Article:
The state does not pay Gainesville Salvage and Disposal to use the business’ bay area for inspections of salvaged vehicles, Deal said, but the business charges vehicle owners $100 to use the site for the inspection. The fee in Gainesville is the highest of all the state’s inspection sites.

CREW claims that using his congressional power through Cagle, Deal pressured Georgia Revenue Commissioner Bart Graham, who oversees the state’s salvage inspection program, to reconsider a proposal to eliminate the $1.7 million funding for the program from the state budget and privatize the program.

Deal did have Cagle arrange meetings to discuss the future of the salvage inspections program on at least two separate occasions between January 2008 and March 2009. Deal said the purpose of the meetings was to gather information on Graham’s intentions with the inspection program, not to pressure the commissioner. But Graham contends that he did feel challenged.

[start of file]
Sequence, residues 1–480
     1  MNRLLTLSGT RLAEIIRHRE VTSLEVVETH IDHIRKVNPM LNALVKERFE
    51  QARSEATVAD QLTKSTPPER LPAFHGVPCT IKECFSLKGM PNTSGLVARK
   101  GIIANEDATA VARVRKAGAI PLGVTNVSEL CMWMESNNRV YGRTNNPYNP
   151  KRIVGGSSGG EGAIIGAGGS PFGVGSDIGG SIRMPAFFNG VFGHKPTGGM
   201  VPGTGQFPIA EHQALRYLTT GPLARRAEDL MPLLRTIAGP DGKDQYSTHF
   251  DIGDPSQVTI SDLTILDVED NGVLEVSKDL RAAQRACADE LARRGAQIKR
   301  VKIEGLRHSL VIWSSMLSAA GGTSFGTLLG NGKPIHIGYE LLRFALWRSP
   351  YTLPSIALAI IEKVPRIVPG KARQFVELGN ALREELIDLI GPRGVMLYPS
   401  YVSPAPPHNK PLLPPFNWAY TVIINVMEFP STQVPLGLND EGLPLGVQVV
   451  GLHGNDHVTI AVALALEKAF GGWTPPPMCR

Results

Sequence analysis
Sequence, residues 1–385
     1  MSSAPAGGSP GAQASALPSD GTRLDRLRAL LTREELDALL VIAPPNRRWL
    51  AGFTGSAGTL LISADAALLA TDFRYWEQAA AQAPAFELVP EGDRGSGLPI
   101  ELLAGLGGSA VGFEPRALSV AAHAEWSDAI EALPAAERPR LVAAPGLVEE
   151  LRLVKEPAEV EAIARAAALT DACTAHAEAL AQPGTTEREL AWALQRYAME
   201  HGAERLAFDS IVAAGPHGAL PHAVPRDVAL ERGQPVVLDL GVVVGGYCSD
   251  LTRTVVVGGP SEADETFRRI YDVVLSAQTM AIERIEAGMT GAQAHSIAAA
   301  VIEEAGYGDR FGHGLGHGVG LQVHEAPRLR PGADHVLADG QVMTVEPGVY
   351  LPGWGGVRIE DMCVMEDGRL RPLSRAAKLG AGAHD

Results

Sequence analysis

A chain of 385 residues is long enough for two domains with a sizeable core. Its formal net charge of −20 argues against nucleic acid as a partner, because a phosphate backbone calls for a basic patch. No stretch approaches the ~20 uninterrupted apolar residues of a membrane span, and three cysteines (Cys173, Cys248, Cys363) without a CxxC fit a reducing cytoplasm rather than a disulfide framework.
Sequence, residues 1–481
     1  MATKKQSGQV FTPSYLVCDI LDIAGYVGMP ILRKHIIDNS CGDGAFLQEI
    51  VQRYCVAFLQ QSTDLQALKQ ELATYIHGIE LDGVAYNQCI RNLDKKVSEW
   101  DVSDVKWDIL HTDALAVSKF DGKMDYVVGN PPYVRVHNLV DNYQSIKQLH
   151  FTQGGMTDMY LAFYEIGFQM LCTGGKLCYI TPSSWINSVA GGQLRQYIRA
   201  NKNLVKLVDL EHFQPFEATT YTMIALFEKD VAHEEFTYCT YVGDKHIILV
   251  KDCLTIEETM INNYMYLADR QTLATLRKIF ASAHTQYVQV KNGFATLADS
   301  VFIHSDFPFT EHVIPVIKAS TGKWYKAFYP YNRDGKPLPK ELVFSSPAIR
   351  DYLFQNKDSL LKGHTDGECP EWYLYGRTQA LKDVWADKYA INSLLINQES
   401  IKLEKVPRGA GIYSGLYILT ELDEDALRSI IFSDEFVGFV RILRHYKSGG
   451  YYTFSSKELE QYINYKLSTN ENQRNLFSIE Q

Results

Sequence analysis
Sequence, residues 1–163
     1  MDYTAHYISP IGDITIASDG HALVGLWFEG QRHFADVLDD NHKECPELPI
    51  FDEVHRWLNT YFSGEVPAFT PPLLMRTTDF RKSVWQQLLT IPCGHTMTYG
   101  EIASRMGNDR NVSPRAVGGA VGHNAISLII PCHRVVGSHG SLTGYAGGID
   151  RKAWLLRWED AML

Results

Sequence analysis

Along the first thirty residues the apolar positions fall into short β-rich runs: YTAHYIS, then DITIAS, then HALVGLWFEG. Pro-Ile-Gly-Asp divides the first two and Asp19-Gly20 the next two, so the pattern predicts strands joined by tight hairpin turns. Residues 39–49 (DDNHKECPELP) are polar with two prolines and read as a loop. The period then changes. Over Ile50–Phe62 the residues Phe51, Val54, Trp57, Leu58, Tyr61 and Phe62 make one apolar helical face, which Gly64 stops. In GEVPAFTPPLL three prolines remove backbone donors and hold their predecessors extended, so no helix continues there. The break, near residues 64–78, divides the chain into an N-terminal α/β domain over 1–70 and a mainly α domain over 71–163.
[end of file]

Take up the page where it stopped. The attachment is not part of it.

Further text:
Since 2008, Graham has proposed changes to the state’s salvage inspection program to make it more competitive.

First, in 2008, he considered expanding the number of inspection sites through a competitive bidding process. During that year, he met twice with Deal and Cronan. In January 2008, Deal and Cronan arranged a meeting through Cagle to discuss a matter concerning insurance companies, but Graham said the men were also interested in discussing his plans.

During a separate meeting on June 30, 2008, Deal and Cronan wanted to discuss the possibility of allowing inspection sites like Gainesville Salvage and Disposal to house state inspectors full-time, Graham said. The state would pay the inspectors, but the inspection sites would reap the benefits of the business, Graham said.

The idea was proposed as a cost-saving measure to the state; the state could save money on gasoline if inspectors did not have to drive to inspection stations or other non-dealer sites to perform inspections.

"I felt that would have a conflict, having a state employee that served as an inspector being hosted on a full-time basis by a de facto agent of the state," Graham said. "...I told the group in that meeting that we had the (attorney general’s) guidance letter, telling us that we did need to have a more competitive environment than we have today."